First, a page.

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Primitive Pythagorean Triples


Date: 02/23/98 at 12:56:13
From: Cyndy
Subject: Primitive Pythagorean Triples

A primitive Pythagorean triple is a triple of numbers (a, b, c) such 
that a, b, and c have no common factors and satisfy a^2+b^2 = c^2.
By examining the list of primitive Pythagorean triples, make a guess 
about when a, b, or c is a multiple of 5. Try to show that your guess 
is right.

Here are some primitive Pythagorean triples I found:
(3,4,5), (5,12,13), (8,15,17), (7,24,25), (20,21,29), (9,40,41),
(12,35,37), (11,60,61), (28,45,53), (33,56,65), (16,63,65), ....

From the list I know one has to be a multiple of 5. But I'm stuck here 
because I can't find a pattern for when a, b, or c is a multiple of 5. 

Another fact about Pythagorean triples is that one of a and b is odd 
and the other even, and that c is always odd. I don't know if the fact 
has anything to do with the problem.


Date: 02/23/98 at 13:06:02
From: Doctor Rob
Subject: Re: Primitive Pythagorean Triples

What do you know about squares and their remainders when divided by 5?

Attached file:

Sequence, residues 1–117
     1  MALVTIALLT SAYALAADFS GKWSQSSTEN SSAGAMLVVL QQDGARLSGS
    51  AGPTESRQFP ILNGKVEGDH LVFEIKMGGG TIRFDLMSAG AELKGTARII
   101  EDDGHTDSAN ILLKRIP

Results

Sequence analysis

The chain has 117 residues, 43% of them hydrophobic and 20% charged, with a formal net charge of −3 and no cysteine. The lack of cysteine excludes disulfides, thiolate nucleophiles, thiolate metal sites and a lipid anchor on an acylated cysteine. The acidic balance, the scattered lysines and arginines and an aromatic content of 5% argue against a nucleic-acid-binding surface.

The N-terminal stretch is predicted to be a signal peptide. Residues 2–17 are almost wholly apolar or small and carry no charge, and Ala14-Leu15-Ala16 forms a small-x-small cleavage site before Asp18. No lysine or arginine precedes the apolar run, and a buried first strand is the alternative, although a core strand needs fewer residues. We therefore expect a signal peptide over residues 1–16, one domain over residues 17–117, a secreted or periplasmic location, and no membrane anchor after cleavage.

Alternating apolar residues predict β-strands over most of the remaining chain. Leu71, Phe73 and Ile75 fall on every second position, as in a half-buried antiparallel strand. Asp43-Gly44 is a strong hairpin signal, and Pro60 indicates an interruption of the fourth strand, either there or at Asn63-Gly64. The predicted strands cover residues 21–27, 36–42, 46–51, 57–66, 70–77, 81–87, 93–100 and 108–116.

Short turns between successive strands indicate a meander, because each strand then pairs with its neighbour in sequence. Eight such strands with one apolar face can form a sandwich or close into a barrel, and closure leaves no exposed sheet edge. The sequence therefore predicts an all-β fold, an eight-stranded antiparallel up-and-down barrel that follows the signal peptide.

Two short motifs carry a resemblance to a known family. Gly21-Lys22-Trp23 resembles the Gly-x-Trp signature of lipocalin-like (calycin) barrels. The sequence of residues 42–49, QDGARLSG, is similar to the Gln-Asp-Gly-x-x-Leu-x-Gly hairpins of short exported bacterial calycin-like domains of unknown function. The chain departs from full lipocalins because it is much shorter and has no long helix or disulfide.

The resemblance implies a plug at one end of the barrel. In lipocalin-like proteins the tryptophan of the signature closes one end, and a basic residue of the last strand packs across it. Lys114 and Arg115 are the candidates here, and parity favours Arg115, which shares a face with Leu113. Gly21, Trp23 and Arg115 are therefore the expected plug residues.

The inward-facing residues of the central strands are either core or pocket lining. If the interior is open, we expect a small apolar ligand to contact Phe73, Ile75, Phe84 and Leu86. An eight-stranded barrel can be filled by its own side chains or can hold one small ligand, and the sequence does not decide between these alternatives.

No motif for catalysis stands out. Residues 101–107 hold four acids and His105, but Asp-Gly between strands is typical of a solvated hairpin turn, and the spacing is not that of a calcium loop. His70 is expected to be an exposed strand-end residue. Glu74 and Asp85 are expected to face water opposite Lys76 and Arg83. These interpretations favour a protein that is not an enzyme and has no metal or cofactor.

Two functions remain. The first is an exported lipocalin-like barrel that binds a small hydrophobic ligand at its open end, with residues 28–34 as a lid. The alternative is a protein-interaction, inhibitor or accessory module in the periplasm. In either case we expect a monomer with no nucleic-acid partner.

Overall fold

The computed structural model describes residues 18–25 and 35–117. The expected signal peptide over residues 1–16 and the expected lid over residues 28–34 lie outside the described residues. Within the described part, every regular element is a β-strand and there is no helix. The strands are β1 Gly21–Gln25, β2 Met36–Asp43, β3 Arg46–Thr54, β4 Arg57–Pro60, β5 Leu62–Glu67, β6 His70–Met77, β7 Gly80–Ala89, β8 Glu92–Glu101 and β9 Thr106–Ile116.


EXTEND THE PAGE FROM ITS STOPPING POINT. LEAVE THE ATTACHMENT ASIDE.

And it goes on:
Are you aware that the remainders are always 0, 1, or 4?  The 
remainder of a^2 + b^2 will have to be the sum of two of these 
numbers. The remainder of c^2 will also have to be one of these 
numbers. How can that happen?  Then recall that remainder 0 means 
divisibility by 5, and if x^2 is divisible by 5, so is x.

The odd-even property you observed has only this to do with this 
problem. Squares divided by 4 must leave remainder 0 or 1. The 
remainder of a^2 + b^2 will have to be the sum of two of these 
numbers. The remainder of c^2 will also have to be one of these 
numbers. How can that happen? Then recall that remainder 0 means 
divisibility by 4, and if x^2 is divisible by 4, x is even.

You can use the same method to solve both problems.

-Doctor Rob,  The Math Forum
Check out our web site http://mathforum.org/dr.math/   
    
Associated Topics:
High School Number Theory

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